Mandamus is appropriate only when the record shows: (1) the trial court clearly abused its discretion or violated a duty imposed by law; and (2) no adequate remedy by appeal exists. In re Daisy Mfg. Co., 17 S.W.3d 654, 658 (Tex. 2000) (orig.proceeding) (per curiam). A trial court abuses its discretion in determining the legal principles that control its ruling if the court clearly fails to analyze or apply the law correctly. Walker v. Packer, 827 S.W.2d 833, 840 (Tex. 1992) (orig.proceeding).

B. Denial of Extraordinary Relief

I assume, without deciding for purposes of this request for extraordinary relief, that the Foundation and Trust's objections to the transfer of bill-of-review proceedings to the statutory probate court judge are jurisdictional in nature. I agree with the majority that the jurisdiction of a court cannot be conferred by consent, waiver, or estoppel. See Fed. Underwriters Exch. v. Pugh, 141 Tex. 539, 174 S.W.2d 598, 600 (1943); Tourneau Houston, Inc. v. Harris County Appraisal Dist., 24 S.W.3d 907, 910 (Tex.App.-Houston [1st Dist.] 2000, no pet.) (op. on reh'g). Lack of subject-matter jurisdiction is fundamental error and may be raised for the first time in an appellate court. See Mapco, Inc. v. Carter, 817 S.W.2d 686, 687 (Tex. 1991) (per curiam).

However, entitlement to extraordinary relief is subject to waiver principles grounded in equity. See Rivercenter Assocs. v. Rivera, 858 S.W.2d 366, 367 (Tex. 1993) (orig.proceeding) ("Mandamus is an extraordinary remedy, not issued as a matter of right, but at the discretion of the court. Although mandamus is not an equitable remedy, its issuance is largely controlled by equitable principles.") (citation omitted). "One such principle is that `equity aids the diligent and not those who slumber on their rights.'" Id. (quoting Callahan v. Giles, 137 Tex. 571, 155 S.W.2d 793, 795 (1941) (orig.proceeding)).

The majority holds that the statutory probate court judge had no jurisdiction to transfer the bill-of-review proceedings because there was no "estate pending" in front of the statutory probate court judge at the time of the challenged transfers. I agree that a statutory probate court judge's transfer authority under section 5B is predicated on an "estate pending" to which the transferred case may attach. See Tex. Prob. Code Ann. § 5B. However, assignment of a statutory probate court judge in the first place only may occur in "contested probate matters." See Tex. Prob. Code Ann. § 5(b). Thus, if either: (1) transfers were not authorized by section 5B because there was no "estate pending"; or (2) assignment of a statutory probate court judge was not authorized by section 5(b) because there were no "contested probate matters," all of the judge's transfers would be subject to challenge, not just transfer of the bill-of-review proceedings now challenged by the Foundation and Trust. See Reiss v. Reiss, 118 S.W.3d 439, 443 (Tex. 2003) (explaining difference between void and voidable judgments); see also Shell Cortez Pipeline Co. v. Shores, 127 S.W.3d 286, 295 (Tex.App.-Fort Worth 2004, no pet.) (holding void for lack of subject-matter jurisdiction class certification order signed by statutory probate court judge).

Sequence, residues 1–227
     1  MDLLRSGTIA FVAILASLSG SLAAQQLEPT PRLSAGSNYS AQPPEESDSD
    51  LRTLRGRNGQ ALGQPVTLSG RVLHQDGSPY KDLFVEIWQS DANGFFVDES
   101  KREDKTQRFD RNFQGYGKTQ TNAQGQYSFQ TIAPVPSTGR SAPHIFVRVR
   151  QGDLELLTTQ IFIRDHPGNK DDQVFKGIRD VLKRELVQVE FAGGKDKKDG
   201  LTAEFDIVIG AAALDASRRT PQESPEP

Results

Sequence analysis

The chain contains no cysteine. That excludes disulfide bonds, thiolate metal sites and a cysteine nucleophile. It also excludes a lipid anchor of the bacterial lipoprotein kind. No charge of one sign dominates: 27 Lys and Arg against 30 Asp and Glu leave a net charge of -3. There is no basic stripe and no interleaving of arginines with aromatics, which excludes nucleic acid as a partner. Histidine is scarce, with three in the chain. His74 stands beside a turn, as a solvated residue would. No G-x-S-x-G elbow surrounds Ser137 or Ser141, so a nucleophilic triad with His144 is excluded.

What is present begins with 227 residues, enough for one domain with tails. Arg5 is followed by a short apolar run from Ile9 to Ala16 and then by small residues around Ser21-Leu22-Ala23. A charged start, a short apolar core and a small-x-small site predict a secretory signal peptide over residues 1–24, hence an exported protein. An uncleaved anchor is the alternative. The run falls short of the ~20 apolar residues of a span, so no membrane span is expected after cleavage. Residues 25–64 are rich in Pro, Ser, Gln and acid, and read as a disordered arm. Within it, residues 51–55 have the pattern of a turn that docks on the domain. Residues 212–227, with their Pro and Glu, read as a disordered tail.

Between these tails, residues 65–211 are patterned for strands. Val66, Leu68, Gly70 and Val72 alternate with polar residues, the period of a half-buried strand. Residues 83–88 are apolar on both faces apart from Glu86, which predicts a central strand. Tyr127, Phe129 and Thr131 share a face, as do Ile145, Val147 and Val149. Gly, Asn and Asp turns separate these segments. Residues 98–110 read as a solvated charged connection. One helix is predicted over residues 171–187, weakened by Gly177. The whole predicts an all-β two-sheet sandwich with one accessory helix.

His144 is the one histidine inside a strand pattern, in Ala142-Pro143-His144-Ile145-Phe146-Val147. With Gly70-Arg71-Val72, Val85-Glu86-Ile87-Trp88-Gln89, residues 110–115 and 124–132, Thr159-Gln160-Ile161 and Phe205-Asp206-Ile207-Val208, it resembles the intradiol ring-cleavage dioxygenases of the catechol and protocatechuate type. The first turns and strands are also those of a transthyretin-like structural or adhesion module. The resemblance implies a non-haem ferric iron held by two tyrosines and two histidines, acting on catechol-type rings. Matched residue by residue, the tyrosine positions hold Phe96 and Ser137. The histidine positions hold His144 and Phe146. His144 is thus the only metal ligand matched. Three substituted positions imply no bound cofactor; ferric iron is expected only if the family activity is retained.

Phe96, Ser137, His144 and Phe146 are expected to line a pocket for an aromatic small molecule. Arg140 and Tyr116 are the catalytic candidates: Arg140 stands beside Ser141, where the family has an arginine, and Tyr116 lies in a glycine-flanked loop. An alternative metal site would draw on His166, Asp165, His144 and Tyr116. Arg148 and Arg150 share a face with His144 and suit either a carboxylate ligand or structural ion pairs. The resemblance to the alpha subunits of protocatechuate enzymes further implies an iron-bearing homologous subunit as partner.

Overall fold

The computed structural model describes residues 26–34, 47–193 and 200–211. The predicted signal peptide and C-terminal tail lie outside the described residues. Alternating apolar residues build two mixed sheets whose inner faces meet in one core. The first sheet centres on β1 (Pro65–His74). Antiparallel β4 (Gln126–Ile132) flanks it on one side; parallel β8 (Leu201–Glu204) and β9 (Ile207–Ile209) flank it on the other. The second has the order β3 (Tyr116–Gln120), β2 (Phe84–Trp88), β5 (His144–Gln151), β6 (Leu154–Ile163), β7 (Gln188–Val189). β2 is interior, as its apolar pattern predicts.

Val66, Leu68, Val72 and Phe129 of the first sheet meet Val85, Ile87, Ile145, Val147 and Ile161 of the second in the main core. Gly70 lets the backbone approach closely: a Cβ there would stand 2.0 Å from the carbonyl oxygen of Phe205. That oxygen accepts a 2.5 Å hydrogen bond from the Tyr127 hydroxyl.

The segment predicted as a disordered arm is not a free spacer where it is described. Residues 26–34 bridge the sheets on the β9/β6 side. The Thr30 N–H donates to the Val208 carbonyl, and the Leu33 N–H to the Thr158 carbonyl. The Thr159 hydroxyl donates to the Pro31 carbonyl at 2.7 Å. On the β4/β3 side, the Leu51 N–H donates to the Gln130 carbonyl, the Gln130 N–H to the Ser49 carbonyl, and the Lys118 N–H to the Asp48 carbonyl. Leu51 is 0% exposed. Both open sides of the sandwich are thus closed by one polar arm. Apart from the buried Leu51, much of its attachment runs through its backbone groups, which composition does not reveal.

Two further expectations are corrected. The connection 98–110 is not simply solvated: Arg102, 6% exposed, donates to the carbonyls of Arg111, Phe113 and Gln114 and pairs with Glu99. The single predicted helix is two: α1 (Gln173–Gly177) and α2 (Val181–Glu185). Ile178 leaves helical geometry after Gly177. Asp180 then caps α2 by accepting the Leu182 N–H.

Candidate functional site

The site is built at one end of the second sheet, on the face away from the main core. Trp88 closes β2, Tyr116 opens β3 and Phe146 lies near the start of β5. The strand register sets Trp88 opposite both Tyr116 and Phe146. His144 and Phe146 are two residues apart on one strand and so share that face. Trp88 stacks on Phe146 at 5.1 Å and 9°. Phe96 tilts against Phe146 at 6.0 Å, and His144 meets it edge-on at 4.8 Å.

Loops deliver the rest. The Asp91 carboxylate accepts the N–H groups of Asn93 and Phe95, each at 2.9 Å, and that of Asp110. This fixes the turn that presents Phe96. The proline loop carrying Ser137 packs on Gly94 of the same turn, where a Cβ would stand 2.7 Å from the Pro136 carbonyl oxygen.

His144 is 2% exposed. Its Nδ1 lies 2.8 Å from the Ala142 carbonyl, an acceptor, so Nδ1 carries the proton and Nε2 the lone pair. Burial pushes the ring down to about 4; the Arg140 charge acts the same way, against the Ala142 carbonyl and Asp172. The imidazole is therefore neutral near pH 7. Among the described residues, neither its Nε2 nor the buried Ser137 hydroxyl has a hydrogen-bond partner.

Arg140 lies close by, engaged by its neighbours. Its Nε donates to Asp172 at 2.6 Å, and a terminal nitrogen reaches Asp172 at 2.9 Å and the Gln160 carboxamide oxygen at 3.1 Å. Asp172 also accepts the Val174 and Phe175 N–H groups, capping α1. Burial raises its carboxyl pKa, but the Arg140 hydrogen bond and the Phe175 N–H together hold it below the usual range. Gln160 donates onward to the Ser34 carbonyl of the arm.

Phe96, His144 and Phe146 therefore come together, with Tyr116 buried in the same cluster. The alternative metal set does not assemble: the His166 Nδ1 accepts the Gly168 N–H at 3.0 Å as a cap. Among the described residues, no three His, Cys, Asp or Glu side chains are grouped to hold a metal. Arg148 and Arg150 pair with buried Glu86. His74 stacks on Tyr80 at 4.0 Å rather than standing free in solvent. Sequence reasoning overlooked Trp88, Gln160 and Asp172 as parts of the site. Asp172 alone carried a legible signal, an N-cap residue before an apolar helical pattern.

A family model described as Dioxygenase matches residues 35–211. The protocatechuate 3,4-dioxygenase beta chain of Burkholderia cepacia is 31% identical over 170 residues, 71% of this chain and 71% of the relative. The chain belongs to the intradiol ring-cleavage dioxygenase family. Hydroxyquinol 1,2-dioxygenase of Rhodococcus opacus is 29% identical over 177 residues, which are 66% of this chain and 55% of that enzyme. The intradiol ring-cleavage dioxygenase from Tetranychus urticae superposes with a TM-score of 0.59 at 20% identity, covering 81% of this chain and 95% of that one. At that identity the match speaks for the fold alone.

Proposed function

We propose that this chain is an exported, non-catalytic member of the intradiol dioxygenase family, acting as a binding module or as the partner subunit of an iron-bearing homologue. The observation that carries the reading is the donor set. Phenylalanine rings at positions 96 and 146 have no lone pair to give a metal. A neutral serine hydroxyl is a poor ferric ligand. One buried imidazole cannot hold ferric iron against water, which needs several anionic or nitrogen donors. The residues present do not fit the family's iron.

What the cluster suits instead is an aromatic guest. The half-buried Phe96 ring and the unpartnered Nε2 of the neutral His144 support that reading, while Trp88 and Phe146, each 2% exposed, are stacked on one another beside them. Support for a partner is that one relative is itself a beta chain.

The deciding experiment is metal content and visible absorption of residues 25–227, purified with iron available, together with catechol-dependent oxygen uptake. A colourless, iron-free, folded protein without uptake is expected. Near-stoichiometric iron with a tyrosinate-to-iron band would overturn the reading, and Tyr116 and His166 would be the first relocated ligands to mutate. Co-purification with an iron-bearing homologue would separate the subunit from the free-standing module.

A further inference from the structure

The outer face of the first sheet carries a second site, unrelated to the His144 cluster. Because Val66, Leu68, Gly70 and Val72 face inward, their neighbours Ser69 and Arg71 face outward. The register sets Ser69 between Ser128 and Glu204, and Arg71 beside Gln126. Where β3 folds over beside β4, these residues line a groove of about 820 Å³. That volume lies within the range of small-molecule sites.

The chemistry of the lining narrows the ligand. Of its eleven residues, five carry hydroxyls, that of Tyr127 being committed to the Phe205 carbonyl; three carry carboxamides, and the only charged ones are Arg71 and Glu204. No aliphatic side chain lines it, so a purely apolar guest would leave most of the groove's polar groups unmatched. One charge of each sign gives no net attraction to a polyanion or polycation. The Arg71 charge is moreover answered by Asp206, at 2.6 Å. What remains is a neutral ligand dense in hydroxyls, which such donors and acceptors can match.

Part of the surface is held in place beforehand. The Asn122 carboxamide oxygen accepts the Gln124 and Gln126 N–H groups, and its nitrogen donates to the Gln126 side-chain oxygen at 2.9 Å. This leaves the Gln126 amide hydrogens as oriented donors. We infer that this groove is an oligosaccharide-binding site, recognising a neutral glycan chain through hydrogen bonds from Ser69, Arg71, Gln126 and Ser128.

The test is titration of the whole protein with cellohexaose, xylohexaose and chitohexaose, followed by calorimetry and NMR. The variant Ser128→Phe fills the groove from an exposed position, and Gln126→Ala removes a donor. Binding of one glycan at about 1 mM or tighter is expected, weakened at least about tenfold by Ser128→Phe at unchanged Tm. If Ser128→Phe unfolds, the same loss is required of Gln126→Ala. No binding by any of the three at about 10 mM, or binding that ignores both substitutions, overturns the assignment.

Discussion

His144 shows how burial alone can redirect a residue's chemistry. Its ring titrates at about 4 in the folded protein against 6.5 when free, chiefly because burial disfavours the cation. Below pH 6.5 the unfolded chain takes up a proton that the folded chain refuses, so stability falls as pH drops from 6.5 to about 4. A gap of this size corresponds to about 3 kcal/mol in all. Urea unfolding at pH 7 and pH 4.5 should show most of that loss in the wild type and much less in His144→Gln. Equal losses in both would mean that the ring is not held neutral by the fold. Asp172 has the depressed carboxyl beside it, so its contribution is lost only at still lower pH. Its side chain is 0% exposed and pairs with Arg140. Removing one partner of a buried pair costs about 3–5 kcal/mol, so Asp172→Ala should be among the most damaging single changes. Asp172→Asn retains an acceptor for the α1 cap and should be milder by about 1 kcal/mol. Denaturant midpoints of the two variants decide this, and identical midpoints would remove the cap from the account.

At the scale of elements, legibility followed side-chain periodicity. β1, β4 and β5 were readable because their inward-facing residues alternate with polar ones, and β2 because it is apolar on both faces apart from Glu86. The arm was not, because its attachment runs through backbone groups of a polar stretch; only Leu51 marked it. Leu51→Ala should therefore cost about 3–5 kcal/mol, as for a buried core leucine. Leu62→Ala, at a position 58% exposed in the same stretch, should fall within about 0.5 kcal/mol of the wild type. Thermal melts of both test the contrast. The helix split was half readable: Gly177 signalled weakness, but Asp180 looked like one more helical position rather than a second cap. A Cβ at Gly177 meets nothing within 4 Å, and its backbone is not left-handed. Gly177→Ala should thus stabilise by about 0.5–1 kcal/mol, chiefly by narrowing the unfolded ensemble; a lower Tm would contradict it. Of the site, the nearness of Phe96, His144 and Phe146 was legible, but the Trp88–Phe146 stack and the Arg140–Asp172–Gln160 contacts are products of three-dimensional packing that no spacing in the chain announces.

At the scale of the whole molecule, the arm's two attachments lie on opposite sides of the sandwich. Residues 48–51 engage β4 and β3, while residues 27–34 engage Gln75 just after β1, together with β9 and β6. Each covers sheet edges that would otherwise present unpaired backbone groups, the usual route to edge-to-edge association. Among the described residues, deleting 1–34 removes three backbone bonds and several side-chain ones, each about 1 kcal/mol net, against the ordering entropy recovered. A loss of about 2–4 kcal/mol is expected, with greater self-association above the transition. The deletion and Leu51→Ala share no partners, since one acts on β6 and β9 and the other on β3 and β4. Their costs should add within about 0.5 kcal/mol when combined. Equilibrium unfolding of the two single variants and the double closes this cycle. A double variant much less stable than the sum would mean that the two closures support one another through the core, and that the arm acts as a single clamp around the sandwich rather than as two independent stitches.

Accordingly, I find dispositive the Foundation's and the Trust's requests for and failure to challenge at the time either the statutory probate court judge's assignment or the transfers, at their request, of Fernandez's other causes of action, including the bills of review from the 94th District Court and from the Kenedy County Court sitting in probate. Delay alone provides ample ground to deny mandamus relief. See In re Xeller, 6 S.W.3d 618, 624 (Tex.App.-Houston [14th Dist.] 1999, orig. proceeding) (and cited cases) (denying mandamus relief on laches grounds when sixteen months after appointment of master, relators challenged initial appointment, not master's recommendations).

Moreover, the question of abuse of discretion goes to whether the statutory probate court judge acted without guiding rules and principles in transferring the bill-of-review proceedings. See Downer v. Aquamarine Operators, Inc., 701 S.W.2d 238, 241-42 (Tex. 1985). I further distinguish In re SWEPI in that the supreme court held there that the transferred suit was not appertaining to or incident to the pending estate and therefore not subject to transfer. In re SWEPI, 85 S.W.3d at 808. The Foundation and Trust do not suggest that Fernandez's bills of review are not "appertaining to or incident to an estate." See Tex. Prob. Code Ann. § 5B. Rather, they rely solely on cases citing the general common-law principle that bills of review are to be decided by the court whose judgment is being attacked. See e.g., Solomon, Lambert, Roth Assocs., Inc. v. Kidd, 904 S.W.2d 896, 900 (Tex.App.-Houston [1st Dist.] 1995, no writ). The Foundation and Trust cite no authority, nor have I discovered any, expressly excluding bill-of-review proceedings from the exercise, by a duly assigned statutory probate court judge, of the transfer authority conferred by the assignment. See In re Am. Home Prods. Corp., 980 S.W.2d 506, 510 (Tex.App.-Waco 1998, orig. proceeding) (denying mandamus relief over discovery order where "Relators have cited no authority prohibiting disclosure of the reports. . . ."). Thus, the guiding rules and principles applied by the statutory probate court judge in this case were the specific powers and transfer authority conferred by the probate and government codes and the more general common law governing bills of review. The statutory probate court judge balanced convenience with comity in favor of exercising the transfer power that flows from his unchallenged assignment under section 5(b). See Tex. Prob. Code Ann. § 5(b).